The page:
A divided panel of a federal appeals court in California on Thursday partially upheld a decision blocking a set of rules from the Trump administration that allowed some employers to deny insurance coverage of birth control because of religious or moral reasons.
The rules, issued by the Department of Health and Human Services in October 2017, vastly expanded the range of companies that could opt out of an Affordable Care Act mandate that required employers to cover contraception at no cost for the employee.
In December 2017, California and three other states filed a lawsuit over the rules, and a lower court issued a nationwide preliminary injunction blocking the rules from taking effect. Thursday’s decision, from the U.S. Court of Appeals for the 9th Circuit, upheld that decision — but only in the five states that sued, California, Delaware, Maryland, New York and Virginia.
In a 2-1 decision, the panel of judges held that the Department of Health and Human Services enacted its rules without the notice and comment period required by federal law. But the judges concluded that the scope of the preliminary injunction was overly broad “and that the district court abused its discretion in that regard,” Judge J. Clifford Wallace wrote.
The panel ruled that it was “reasonably probable” that the five states would suffer irreparable economic harm by the rules but that the facts in the case did not sufficiently demonstrate a nationwide detrimental impact.
While Thursday’s decision would allow enforcement of the rules in many states, a preliminary injunction in a separate case in Pennsylvania remains in effect, meaning the rules are still blocked nationwide.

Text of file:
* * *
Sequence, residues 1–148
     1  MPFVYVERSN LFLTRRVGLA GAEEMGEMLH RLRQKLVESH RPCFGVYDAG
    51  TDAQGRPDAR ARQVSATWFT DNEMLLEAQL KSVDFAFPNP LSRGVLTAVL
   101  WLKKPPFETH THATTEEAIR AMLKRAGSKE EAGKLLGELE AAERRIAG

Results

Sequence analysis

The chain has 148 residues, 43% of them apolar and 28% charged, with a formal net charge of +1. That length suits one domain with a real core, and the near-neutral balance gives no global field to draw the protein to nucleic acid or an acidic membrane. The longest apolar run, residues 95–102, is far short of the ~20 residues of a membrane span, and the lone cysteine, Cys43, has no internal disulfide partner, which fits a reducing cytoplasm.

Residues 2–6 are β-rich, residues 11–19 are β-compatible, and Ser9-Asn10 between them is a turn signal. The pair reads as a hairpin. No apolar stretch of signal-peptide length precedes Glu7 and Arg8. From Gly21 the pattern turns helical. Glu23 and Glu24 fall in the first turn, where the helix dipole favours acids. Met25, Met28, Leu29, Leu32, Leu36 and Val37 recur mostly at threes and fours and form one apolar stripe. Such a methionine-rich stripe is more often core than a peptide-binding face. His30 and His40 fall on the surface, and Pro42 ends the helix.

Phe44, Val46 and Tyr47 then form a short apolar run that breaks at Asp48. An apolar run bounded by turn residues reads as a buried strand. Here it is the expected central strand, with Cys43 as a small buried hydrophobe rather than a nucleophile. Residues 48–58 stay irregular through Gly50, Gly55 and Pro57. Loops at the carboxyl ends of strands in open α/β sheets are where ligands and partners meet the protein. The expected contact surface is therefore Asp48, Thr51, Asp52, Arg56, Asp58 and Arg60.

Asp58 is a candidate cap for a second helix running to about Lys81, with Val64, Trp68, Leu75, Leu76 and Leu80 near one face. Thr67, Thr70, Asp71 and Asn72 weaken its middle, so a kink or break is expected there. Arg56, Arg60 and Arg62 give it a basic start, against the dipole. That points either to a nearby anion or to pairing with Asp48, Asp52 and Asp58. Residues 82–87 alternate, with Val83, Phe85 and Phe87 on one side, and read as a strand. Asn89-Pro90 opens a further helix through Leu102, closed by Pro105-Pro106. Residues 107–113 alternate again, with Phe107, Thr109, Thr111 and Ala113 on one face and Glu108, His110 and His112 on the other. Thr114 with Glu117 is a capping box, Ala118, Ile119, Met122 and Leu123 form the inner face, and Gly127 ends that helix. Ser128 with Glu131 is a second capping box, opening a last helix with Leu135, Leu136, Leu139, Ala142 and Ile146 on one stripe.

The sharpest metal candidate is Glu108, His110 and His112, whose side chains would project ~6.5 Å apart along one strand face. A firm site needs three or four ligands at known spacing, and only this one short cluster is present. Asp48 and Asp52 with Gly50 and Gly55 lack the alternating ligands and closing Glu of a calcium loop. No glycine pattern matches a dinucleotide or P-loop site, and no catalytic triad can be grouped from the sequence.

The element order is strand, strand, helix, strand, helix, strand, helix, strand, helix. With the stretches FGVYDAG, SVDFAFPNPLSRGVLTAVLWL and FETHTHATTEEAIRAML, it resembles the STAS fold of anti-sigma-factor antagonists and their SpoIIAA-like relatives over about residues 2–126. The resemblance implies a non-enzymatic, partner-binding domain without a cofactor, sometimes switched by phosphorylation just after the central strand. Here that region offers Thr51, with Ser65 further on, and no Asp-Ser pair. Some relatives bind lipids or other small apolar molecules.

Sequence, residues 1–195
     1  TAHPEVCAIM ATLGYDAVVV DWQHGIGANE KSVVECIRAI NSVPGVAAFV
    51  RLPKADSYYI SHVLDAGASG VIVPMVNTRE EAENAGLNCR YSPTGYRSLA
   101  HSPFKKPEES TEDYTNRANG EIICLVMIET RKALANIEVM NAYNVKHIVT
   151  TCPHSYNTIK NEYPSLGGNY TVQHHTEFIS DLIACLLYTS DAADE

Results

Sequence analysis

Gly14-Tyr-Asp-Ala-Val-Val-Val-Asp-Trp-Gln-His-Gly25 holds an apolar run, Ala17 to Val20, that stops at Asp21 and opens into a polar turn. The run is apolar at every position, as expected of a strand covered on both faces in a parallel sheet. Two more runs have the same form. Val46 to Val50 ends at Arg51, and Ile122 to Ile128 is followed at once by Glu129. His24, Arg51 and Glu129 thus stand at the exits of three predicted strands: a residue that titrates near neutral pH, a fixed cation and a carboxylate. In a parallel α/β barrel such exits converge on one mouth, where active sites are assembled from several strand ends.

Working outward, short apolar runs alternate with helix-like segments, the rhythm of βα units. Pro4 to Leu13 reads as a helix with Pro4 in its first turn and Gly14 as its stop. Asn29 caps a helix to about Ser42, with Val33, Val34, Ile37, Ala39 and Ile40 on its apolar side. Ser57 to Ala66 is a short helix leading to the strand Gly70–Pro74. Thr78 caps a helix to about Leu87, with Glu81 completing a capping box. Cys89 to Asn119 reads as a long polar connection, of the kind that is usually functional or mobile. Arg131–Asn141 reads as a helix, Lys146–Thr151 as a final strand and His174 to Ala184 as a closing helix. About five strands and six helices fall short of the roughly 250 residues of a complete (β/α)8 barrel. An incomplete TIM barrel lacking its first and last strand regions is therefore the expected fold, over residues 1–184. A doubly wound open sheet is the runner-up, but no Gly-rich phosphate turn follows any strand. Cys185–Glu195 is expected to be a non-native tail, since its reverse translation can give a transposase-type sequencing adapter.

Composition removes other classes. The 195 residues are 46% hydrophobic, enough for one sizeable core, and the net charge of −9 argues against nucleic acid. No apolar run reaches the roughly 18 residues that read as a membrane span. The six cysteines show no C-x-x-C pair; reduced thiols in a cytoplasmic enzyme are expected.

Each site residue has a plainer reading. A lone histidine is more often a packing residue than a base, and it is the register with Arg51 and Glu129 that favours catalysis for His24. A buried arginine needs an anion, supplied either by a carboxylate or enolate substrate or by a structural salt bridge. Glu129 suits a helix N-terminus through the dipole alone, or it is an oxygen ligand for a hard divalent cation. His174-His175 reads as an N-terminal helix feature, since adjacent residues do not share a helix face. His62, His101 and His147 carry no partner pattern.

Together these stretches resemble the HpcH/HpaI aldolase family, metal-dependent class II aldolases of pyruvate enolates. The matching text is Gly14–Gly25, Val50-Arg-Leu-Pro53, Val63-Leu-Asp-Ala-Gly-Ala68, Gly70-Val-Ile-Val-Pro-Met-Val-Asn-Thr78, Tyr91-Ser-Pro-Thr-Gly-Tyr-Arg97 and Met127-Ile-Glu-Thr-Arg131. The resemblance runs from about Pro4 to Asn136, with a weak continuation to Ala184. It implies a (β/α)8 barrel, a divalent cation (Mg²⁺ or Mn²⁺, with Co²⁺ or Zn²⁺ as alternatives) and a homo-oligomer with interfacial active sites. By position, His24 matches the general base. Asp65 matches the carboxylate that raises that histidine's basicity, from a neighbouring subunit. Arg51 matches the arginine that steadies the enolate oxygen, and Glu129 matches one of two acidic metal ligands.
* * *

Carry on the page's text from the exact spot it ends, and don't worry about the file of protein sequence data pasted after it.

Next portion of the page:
Complicating matters further, the Trump administration last month issued a new set of federal rules similar in language to the 2017 rules, allowing some companies to opt out of birth control coverage on religious or nonreligious “moral convictions.” When the new Trump administration rules take effect Jan. 14, they will supersede the 2017 rules, and the injunctions in California and Pennsylvania will be moot.
The new rules do not allow publicly traded companies or governments to claim such exemptions, and the number of companies that would opt for such exemptions is unclear. The Trump administration has predicted that the impact of the rules would be limited, affecting the coverage of birth control for an estimated 6,400 women. But several states and advocacy groups have argued the impact would be much larger, severely restricting access to contraception.
California Attorney General Xavier Becerra has argued that potentially millions of women in California could be left without access to birth control and counseling and that the state would have to shoulder the additional financial and administrative burden.
The birth control rules are part of a broader effort by the Trump administration to side with conservatives who have sought to prioritize what they consider “religious liberty” concerns, and who vehemently opposed the Obama-era birth control mandate.
The American College of Obstetricians and Gynecologists has supported the mandated coverage, saying access to birth control is “a medical necessity” for women.